There are obligations on the debtor, they must: provide accurate information, not deliberately withhold relevant information, notify the debt advice provider of material changes during the moratorium period, make payments of ongoing liabilities and not obtain additional credit exceeding £500.
Secured debts are excluded from the Regulations but non-capitalised arrears are included. So a customer in arrears on their mortgage will be entitled to a breathing space moratorium in relation to their arrears but, they must still make mortgage repayments during the moratorium period.
In relation to non-capitalised arrears, a lender is prevented from taking are any steps to require a debtor to pay interest accruing on such arrears or paying any fees, penalties or charges that accrue during a moratorium period.
A lender may not contact a debtor for the purpose of enforcement of a moratorium debt. A mortgage lender cannot start any action or legal proceedings during the moratorium period. Unless the court gives permission.
However, a lender may continue existing legal proceedings during the moratorium period up to the point of judgment/order. But then they may not start action to enforce any order during the moratorium.
It is unclear whether debt advice providers are geared up to cope with a large increase in referrals or what will happen if they are unable to comply with the timescales. There are also questions over what will happen if the creditor does not receive notice of a moratorium and continues with action. Or what factors the court will consider in making an order to allow proceedings to be commenced during a moratorium. Before May 2021, all lenders will need to revise their system to ensure that: (1) moratoria are understood, records updated, staff and agents are provided with relevant information; (2) customers are not contacted regarding the debt during the period of the moratorium; (3) no prohibited action is taken during a moratorium; and (4) no interest, fees and charges accrue during the moratorium.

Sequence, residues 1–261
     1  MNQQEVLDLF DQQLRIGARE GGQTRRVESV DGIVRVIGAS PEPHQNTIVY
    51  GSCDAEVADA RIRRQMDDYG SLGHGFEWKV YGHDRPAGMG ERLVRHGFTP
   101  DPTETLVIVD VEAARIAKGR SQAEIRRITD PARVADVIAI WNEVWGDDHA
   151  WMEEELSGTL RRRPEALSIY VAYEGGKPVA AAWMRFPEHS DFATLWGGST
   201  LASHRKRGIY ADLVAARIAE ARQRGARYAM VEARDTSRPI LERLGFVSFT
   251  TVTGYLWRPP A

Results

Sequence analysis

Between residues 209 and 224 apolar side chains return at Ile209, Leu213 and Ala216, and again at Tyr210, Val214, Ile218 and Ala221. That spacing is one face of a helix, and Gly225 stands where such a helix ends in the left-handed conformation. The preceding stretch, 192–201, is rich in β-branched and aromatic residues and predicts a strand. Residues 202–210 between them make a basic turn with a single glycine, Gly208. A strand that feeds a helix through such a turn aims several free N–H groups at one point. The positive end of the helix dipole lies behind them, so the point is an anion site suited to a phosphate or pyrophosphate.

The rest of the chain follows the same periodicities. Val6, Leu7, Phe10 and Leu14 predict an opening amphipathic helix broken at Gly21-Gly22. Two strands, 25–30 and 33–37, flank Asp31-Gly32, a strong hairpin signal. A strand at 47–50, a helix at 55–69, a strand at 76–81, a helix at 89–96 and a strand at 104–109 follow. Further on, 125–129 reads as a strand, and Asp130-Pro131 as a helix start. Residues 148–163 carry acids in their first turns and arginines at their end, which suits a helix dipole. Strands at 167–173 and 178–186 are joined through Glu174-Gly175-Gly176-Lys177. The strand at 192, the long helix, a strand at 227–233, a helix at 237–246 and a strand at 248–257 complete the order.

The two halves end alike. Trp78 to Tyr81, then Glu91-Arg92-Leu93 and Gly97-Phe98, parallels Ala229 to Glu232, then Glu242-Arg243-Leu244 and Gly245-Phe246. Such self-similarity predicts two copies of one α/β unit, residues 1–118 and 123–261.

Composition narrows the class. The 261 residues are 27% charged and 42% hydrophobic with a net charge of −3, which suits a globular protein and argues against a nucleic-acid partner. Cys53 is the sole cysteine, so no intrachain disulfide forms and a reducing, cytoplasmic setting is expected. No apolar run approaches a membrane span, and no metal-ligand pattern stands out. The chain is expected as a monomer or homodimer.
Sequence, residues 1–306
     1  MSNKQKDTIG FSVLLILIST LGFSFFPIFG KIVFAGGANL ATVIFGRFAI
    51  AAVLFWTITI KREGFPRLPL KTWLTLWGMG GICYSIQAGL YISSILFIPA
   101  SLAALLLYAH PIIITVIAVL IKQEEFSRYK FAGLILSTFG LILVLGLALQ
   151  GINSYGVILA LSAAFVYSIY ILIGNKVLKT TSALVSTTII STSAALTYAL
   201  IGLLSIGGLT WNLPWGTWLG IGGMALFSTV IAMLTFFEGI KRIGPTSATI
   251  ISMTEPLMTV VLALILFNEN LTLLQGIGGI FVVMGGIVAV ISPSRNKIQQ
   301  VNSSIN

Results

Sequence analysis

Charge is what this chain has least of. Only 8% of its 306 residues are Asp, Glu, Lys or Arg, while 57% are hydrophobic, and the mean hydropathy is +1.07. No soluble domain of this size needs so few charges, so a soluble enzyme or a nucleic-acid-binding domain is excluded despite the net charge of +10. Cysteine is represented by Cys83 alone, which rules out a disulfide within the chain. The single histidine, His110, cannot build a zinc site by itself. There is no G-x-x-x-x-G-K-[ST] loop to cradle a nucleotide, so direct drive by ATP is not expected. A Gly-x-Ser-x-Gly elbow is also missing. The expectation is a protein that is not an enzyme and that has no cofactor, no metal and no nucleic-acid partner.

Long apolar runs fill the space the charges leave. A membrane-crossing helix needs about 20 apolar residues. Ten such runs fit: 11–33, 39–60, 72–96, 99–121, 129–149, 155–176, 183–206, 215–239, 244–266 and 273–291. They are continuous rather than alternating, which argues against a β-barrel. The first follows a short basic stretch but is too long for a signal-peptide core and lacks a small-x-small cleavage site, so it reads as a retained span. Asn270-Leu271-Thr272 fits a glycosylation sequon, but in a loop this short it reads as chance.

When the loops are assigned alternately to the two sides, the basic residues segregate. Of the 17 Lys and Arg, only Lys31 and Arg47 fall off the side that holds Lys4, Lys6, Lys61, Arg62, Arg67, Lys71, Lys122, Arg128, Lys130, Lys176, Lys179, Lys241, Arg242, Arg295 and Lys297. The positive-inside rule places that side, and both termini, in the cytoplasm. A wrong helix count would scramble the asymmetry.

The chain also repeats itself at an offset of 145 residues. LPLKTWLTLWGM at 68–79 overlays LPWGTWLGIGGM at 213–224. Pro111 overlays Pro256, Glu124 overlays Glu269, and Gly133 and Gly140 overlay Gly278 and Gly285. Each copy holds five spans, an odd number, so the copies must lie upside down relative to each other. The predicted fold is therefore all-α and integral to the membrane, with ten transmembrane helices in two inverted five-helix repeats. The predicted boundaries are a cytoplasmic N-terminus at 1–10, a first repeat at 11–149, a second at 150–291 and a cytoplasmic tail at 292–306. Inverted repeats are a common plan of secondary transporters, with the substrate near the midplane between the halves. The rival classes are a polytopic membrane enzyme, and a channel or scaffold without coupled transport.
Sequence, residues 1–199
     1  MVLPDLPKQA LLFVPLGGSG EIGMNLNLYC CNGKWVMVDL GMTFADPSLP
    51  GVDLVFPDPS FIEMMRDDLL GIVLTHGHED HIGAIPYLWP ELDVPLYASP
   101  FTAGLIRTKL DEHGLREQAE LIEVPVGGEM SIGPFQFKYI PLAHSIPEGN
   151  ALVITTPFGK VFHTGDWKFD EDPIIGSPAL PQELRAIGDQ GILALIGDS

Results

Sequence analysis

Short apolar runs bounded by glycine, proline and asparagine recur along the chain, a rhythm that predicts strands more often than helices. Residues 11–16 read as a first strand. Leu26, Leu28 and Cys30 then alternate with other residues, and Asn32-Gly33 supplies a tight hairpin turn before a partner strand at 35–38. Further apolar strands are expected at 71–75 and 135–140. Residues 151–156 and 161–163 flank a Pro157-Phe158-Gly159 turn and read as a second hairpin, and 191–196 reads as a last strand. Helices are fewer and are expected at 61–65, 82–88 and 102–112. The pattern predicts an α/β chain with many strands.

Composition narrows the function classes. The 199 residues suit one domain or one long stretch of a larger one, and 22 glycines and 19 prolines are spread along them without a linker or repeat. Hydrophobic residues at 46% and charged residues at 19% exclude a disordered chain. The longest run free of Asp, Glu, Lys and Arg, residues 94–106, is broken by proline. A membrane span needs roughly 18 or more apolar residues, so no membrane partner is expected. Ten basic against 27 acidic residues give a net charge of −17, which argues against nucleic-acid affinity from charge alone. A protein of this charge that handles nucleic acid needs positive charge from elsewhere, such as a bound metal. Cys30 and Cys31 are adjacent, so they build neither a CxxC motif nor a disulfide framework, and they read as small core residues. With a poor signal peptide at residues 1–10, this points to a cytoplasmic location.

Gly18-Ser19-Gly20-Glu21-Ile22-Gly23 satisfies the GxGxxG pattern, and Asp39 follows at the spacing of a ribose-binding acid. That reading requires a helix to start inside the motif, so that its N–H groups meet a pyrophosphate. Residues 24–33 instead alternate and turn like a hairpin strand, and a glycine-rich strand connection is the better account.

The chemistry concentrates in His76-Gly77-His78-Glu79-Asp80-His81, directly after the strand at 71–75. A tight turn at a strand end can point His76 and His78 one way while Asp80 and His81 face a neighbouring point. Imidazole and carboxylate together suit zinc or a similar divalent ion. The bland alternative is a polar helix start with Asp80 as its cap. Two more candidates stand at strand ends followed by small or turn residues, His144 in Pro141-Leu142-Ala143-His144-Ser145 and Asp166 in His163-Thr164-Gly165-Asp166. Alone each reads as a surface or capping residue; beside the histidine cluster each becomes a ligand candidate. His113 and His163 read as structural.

Prior to the Covid-19 outbreak, documents submitted to HM Land Registry had to be signed manually in wet ink. The effect of the Covid-19 outbreak has accelerated HM Land Registry efforts to accept documents for registration that have been signed electronically.
From 4 May 2020 HM Land Registry accept deeds that have been signed using the “Mercury signing approach”.
Those deeds which can be mercury signed applicable to transactions we deal with are as follows (parties must be represented by a conveyancer):
The following steps will need to be taken in respect of remortgages and transfers of equity:
For more information in respect of this, please read the full article on the link below:https://www.acandco.com/news/article/mercury-method
It seems clear that the law of prescription in Scotland has changed significantly over the last few years. In past newsletters, we have discussed the various changes in this field, most notably in the legal field of professional negligence, and it seems this is continuing to change.
This change is likely to come from the case of WPH Developments Ltd v Young & Gault LLP (In Liquidation. The case originally called in the Sheriff Courts where the Sheriff made a decision that the claim in question had not prescribed and should be allowed to proceed to a hearing on the evidence.
In the original calling of the case, the Sheriff had to consider whether or not the Pursuer’s obligations had extinguished under the Prescription and Limitation (Scotland) Act 1973 section 6(1) five year short negative prescription period.
The Pursuer had relied on erroneous drawings drawn up in 2012 by an architect (Y&G) and incurred expenditure to contractors who built upon land which the Pursuers did not own. The Pursuer had contractors build a housing estate in reliance on those plans. In 2014, it emerged that the estate was built partially upon neighbouring land.
On the facts alleged by the Pursuers, the relevant works commenced more than five years prior to the action being raised. However, the Sheriff considered that the prescription date could be postponed in terms of section 11(3) of the 1973 Act and that the knowledge of loss should not be considered with the benefit of hindsight. He considered the claim had not prescribed and allowed the case to proceed to a hearing on the evidence. This was appealed by the Defenders.
The appeal by the Defenders has been remitted to the Court of Session because it concerns complex points of law on the correct interpretation of the Prescription and Limitation (Scotland) Act 1973 section 11(3). Whilst there are no material updates arising directly from this appeal judgment, the impact of this is likely to be significant. It now gives an opportunity for the case to go to the Supreme Court if necessary; and for the law of prescription to be considered once more. Most importantly, it would allow the question of knowledge of loss to be considered in more depth. We shall continue to monitor the outcome of this appeal and keep you informed of the developments.